Personal (Home & Auto)

Properly Cover Your HO/Condo Association Loss Exposures

Posted on February 16, 2012. Filed under: Personal (Home & Auto) | Tags: , , , , , |

Many people are active in their condominium or home owners’ association, serving as directors, officers, and editors of association newsletters. If you are an active member of your association, consider the following risk management tips and recommendations.

Verify that the association has directors and officers (D&O) coverage in force with reasonably high limits. If the association refuses or chooses not to obtain D&O coverage, seriously reconsider your leadership activities within the group due to your unprotected liability exposure.

If D&O coverage is in place, verify that this policy provides errors and omissions coverage for the proper purchase of insurance. To do this, verify that the “failure to maintain insurance” exclusion is not attached to the D&O policy.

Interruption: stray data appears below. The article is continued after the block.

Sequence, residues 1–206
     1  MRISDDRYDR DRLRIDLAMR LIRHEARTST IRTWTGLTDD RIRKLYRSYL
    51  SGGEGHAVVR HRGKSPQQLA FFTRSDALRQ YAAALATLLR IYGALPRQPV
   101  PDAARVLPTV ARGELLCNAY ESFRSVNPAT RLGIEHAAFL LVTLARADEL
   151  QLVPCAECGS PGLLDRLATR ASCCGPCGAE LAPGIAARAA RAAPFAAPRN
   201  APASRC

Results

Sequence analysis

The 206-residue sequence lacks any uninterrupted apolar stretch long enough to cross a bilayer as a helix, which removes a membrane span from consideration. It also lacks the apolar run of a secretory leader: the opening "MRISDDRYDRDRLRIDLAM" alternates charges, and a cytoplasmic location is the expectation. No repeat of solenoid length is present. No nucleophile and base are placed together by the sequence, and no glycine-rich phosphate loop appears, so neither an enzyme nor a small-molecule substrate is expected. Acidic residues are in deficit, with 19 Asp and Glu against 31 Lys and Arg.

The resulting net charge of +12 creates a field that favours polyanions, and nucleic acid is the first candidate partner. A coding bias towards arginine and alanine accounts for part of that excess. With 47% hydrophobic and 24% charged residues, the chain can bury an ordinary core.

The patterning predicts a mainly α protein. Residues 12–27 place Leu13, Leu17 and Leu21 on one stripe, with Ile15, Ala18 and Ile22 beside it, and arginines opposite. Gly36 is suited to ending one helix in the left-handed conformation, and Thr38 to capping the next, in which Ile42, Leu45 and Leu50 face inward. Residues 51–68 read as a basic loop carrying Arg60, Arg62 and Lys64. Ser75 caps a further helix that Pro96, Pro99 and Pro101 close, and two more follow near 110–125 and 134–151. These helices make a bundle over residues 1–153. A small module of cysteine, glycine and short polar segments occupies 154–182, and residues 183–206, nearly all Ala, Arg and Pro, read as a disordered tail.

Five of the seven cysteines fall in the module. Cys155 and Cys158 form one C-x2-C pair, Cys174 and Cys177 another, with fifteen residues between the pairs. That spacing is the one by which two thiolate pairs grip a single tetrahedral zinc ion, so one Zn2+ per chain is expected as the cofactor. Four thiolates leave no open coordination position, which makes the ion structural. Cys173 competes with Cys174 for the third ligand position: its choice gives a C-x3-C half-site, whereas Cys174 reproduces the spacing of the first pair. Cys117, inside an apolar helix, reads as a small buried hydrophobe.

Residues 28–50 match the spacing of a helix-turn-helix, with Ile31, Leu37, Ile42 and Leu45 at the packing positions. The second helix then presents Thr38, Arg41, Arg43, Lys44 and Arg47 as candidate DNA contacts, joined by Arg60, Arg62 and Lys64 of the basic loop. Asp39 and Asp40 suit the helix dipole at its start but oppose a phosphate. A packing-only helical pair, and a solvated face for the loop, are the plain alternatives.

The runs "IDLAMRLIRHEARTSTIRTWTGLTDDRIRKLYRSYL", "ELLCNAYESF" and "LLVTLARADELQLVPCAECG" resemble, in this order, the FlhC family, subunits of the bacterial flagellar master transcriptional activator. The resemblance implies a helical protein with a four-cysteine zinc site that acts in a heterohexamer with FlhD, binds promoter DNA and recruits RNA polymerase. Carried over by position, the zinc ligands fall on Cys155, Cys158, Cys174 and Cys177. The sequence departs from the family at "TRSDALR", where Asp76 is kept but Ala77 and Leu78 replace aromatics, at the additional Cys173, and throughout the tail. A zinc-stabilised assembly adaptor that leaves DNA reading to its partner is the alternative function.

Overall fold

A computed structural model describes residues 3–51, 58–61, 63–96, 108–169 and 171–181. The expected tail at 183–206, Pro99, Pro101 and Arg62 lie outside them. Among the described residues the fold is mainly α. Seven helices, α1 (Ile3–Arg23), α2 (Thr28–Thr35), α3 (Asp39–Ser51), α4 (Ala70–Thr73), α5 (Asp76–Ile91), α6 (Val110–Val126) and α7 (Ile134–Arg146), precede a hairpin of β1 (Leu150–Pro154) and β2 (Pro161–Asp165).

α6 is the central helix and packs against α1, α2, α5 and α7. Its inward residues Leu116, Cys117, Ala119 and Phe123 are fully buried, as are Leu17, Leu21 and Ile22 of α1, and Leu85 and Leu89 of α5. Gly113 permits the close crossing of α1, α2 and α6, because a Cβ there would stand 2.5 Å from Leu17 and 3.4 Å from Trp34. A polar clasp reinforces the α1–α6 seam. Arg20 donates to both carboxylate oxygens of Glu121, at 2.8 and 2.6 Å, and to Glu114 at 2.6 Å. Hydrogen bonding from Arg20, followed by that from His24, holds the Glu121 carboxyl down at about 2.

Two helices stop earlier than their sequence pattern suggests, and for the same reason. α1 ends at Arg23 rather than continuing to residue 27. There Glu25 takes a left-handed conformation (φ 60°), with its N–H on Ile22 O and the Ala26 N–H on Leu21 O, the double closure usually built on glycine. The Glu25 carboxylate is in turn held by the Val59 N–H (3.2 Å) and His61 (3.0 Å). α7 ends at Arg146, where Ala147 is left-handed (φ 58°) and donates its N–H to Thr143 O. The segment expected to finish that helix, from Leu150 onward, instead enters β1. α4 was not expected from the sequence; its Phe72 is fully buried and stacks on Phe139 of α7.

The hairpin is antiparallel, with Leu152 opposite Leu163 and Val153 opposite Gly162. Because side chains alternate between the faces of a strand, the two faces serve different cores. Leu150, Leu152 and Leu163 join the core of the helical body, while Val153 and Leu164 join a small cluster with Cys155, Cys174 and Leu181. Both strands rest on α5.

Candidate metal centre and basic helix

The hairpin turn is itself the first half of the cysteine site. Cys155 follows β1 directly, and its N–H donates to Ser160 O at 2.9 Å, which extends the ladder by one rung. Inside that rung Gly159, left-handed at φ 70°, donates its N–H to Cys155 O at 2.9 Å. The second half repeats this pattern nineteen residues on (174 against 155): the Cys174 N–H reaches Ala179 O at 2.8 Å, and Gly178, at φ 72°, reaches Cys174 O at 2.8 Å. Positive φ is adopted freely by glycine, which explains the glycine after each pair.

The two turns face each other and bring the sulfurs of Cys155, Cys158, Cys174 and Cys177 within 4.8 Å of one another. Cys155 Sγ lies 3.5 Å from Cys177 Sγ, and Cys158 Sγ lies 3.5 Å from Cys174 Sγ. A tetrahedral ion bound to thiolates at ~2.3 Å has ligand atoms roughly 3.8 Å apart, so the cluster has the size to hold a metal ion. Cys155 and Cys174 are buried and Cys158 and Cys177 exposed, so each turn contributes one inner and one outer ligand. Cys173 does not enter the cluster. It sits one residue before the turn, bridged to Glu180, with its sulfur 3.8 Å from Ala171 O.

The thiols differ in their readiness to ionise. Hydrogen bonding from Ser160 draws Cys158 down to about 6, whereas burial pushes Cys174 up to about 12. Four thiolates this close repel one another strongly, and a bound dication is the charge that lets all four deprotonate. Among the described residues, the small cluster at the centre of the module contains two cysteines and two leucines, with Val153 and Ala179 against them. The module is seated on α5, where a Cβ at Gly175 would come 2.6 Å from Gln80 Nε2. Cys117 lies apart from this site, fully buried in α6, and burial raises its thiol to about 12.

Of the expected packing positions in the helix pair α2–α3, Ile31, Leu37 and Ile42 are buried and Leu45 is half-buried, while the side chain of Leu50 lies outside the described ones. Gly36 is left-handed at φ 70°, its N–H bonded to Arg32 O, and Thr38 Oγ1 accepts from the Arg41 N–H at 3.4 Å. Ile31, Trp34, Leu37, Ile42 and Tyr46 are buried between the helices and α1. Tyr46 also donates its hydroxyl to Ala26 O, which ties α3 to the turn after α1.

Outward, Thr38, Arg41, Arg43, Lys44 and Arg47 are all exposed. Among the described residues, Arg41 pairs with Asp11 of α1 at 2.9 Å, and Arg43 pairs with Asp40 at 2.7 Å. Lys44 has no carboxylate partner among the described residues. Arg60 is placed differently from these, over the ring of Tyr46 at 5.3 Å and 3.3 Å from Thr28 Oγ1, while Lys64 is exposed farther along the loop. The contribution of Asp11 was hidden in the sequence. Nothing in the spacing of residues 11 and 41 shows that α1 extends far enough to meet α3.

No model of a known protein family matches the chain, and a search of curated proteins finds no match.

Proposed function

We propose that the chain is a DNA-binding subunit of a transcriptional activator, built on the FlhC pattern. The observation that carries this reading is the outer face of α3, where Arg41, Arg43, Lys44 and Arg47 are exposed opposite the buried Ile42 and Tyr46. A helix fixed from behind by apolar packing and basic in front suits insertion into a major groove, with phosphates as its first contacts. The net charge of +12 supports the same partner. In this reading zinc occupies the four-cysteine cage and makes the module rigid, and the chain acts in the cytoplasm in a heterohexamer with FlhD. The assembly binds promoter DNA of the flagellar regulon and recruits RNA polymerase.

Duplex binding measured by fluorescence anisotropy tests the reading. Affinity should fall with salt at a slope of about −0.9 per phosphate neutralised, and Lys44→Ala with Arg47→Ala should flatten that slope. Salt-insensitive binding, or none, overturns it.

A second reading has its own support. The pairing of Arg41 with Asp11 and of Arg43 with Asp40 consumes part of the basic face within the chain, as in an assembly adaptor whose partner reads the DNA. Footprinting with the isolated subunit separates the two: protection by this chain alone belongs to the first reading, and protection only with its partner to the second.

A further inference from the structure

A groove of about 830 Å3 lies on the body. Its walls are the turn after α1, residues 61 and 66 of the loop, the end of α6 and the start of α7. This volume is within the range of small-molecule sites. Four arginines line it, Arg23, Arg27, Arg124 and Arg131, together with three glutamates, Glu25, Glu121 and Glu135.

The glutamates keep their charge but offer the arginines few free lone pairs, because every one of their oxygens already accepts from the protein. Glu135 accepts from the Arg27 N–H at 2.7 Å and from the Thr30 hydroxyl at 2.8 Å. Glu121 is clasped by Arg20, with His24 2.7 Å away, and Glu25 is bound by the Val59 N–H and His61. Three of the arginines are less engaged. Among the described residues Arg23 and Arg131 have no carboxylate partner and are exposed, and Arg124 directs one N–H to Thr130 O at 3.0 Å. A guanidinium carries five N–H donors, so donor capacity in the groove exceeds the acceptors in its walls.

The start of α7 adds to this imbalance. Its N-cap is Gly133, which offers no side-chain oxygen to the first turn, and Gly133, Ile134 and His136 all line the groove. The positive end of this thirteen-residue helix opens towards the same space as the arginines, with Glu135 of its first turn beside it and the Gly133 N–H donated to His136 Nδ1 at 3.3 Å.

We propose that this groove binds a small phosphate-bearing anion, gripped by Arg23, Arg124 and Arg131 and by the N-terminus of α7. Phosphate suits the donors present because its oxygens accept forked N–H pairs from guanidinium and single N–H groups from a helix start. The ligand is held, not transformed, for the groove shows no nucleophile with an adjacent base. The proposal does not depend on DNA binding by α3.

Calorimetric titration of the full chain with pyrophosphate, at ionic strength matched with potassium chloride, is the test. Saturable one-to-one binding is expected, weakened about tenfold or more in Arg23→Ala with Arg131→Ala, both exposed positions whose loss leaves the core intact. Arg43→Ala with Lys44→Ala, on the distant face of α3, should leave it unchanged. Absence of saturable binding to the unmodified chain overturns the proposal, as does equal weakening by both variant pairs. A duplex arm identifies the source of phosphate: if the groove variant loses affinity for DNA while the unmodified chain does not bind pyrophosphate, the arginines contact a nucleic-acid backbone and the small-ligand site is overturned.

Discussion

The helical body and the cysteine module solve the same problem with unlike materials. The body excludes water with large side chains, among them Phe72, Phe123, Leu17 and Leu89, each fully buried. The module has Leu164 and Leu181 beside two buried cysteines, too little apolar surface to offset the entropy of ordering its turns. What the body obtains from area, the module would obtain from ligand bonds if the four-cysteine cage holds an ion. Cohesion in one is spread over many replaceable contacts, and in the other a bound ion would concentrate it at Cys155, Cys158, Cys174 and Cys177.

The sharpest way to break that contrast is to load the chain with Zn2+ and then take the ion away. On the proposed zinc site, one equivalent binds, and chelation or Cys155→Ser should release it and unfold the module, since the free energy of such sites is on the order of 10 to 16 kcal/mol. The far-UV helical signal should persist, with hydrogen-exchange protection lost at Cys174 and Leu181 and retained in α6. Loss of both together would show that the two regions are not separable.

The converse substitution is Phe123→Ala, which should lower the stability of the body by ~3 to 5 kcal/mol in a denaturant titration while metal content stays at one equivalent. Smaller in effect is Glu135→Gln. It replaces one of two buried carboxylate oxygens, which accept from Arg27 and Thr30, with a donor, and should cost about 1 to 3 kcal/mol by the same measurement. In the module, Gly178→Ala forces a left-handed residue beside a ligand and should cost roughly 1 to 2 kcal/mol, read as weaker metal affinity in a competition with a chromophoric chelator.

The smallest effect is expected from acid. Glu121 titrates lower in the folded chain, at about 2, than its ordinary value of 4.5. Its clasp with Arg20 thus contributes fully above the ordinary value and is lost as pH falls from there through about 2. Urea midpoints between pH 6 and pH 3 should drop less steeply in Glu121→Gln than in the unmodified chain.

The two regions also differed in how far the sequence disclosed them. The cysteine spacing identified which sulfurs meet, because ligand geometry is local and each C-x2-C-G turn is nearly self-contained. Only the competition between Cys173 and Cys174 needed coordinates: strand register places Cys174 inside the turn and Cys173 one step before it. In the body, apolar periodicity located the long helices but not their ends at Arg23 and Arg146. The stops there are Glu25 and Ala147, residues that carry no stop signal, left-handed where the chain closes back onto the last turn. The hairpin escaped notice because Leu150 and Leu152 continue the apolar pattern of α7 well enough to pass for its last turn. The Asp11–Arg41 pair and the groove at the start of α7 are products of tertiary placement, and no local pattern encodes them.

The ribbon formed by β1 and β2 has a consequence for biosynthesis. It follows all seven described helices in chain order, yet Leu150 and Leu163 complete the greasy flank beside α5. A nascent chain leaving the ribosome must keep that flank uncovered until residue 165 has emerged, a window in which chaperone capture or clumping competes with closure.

Ask your association to hire an independent insurance consultant to audit the association insurance program to uncover any potentially lethal coverage gaps. For example, home owners’ associations should have at least the following types of coverages: guaranteed replacement cost property coverage for common areas, commercial umbrella coverage, workers compensation insurance (even if there are no association employees) to cover claims brought by uninsured independent contractors, and D&O liability coverage.

If you don’t already have it, consider adding a personal injury (HO 24 82) or related endorsement to your homeowners policy.

Get more personal lines insurance and risk management tips and ideas from IRMI.

International Risk Management Institute, Inc. Copyright 2012

Image: digitalart / FreeDigitalPhotos.net

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Space Heater Safety (Part 2)

Posted on February 2, 2012. Filed under: Personal (Home & Auto) | Tags: , , , , , |